The point of the blood draws and then retransfutions was to examine adaptation to hypoxia. At the end of the 4-week block of either LHTL or placebo lifestyle, the researchers had tested performance on a stationary bike. Then, just after the first test, they had either removed blood and/or injected a starch solution to return the study participants’ blood volume and dilution to its pre-study status, and tested them again. The goal was to see whether any adaptation was merely a product of increased volume, or something more specific in the blood.
Furthermore, they pointed out, the blood was drawn and re-transfused all in the course of a single day.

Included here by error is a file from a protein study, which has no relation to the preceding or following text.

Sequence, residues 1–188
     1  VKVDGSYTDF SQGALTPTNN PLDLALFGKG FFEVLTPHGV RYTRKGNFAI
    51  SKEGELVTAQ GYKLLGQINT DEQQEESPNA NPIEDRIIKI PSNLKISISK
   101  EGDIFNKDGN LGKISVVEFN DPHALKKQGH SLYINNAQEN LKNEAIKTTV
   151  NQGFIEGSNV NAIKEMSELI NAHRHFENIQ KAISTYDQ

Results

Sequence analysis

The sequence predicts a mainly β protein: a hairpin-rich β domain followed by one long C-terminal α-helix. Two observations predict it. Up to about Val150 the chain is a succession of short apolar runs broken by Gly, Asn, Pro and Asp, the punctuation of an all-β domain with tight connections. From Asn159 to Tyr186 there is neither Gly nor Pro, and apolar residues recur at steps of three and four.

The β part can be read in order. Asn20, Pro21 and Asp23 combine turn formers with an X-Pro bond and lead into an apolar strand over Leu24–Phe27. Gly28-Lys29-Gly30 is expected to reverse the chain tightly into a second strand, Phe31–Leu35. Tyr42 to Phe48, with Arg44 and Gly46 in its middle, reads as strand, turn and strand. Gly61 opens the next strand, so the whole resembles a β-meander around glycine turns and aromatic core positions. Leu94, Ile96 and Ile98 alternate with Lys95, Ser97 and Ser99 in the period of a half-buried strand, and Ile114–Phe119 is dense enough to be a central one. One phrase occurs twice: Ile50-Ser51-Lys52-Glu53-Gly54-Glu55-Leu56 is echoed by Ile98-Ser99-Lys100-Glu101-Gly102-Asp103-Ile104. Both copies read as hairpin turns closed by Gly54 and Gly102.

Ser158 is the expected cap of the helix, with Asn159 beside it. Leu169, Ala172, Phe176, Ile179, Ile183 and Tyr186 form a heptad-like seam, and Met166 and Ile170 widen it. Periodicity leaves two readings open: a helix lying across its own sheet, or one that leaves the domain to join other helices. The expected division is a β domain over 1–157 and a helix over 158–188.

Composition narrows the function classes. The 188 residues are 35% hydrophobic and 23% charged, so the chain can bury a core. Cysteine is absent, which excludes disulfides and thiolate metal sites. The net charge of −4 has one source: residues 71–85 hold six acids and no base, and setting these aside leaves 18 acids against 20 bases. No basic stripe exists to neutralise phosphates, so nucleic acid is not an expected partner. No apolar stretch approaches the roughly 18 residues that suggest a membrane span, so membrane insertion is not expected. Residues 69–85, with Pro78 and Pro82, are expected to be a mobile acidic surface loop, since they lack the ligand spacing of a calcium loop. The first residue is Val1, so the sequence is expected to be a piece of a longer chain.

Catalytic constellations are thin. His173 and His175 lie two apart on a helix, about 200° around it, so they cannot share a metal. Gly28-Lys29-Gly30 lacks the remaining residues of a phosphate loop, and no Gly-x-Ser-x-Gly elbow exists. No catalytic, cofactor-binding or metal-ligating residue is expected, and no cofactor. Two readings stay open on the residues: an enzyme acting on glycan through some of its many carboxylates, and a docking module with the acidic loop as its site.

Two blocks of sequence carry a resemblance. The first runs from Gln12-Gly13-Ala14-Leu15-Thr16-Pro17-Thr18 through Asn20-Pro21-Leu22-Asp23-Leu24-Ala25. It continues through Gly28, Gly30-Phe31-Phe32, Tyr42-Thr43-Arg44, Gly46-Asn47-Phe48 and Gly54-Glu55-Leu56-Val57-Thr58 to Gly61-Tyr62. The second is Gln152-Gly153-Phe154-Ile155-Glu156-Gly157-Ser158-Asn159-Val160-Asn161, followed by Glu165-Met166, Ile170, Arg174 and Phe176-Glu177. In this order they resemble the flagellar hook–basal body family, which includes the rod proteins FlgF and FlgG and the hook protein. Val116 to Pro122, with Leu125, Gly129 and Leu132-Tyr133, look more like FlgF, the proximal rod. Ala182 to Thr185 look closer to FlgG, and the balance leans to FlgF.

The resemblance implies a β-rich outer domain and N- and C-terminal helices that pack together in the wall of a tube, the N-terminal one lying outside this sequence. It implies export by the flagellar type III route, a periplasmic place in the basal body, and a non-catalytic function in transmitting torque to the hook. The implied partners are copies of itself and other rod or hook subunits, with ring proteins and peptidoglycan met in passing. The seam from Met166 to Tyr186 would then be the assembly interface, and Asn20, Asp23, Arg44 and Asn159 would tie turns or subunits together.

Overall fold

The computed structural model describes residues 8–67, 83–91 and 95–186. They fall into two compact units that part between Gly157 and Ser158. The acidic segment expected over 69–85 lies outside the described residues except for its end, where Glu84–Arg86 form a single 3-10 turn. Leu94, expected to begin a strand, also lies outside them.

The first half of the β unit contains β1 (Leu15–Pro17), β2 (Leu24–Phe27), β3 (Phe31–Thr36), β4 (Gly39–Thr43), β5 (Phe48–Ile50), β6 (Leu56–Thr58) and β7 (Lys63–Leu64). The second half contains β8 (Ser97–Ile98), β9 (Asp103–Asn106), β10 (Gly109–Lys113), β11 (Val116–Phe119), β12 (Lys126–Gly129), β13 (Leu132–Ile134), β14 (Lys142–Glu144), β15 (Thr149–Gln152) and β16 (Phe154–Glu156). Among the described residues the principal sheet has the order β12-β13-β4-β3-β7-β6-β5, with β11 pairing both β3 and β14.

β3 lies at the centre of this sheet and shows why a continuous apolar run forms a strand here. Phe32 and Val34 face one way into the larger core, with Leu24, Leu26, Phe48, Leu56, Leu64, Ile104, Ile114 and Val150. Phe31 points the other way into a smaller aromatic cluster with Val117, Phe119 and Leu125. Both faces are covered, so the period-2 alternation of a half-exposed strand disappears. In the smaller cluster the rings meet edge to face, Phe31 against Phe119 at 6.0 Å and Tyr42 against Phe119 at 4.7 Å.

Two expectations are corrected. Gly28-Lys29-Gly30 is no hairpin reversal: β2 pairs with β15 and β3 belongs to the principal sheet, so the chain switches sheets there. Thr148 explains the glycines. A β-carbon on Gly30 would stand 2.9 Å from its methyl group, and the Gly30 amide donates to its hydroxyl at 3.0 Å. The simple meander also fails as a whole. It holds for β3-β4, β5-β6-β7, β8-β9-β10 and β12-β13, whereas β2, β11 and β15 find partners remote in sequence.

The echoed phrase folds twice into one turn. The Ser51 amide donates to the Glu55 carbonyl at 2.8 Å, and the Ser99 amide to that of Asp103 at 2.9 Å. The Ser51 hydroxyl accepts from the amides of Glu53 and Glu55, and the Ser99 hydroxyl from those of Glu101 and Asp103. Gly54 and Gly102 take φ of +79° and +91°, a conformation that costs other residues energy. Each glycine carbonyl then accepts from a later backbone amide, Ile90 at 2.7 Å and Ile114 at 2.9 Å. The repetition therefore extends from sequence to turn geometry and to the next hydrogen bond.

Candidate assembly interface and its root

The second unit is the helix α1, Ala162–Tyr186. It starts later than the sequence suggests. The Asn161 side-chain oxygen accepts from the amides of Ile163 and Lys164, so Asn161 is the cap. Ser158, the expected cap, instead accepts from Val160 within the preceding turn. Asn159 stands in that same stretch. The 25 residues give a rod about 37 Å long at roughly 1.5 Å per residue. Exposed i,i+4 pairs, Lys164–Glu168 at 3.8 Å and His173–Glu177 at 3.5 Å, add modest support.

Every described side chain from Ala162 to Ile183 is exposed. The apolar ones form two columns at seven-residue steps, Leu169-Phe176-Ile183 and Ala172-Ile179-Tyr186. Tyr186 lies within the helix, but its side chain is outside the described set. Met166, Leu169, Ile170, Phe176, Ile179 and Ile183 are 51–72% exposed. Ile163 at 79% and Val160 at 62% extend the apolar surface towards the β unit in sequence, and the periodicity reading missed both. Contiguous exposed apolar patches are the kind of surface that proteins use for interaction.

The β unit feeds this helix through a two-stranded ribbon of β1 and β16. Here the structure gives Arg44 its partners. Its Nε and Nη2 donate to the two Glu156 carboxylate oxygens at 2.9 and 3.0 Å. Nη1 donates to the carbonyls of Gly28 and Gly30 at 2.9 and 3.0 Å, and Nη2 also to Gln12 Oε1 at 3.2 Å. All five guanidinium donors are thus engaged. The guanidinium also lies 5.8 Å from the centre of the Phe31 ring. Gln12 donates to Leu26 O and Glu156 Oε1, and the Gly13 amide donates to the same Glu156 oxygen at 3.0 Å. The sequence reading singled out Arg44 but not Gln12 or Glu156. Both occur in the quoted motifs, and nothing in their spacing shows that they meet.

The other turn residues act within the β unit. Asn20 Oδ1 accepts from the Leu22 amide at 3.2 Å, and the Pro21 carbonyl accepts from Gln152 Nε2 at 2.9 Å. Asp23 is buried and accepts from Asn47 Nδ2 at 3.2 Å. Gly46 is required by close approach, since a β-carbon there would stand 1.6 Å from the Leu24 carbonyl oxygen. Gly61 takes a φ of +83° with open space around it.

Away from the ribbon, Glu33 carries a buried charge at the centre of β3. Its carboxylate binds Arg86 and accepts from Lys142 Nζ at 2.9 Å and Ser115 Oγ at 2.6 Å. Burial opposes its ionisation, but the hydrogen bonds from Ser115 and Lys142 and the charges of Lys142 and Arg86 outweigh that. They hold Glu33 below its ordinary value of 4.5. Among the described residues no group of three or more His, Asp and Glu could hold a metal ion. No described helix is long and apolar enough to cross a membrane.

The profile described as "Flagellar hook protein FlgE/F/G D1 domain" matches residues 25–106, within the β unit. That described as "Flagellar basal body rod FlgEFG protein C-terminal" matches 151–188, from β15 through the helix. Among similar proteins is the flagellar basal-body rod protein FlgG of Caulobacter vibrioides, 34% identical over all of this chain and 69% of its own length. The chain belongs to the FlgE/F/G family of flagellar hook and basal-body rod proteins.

“The second maximal test was initiated 2 h after the end of the first bout of exercise,” the authors wrote in the original British Journal of Sports Medicine paper. “After completion of the second exercise test, the subjects were either reinfused with their own blood, or infused with saline, again by using a blinded design.”
Removing blood and retransfusing it is a violation of WADA rules, which both the researchers and the athletes were aware of. But the result was not performance-enhancing, Lundby and Siebenmann wrote.
“Less than 30 min after completion of the second exercise test, any red blood cells removed before the second VO2max test were retransfused,” they explained in their letter of reply. “Thus it should be clear that the study participants experienced absolutely no athletic gain by participating in this specific part of our study.”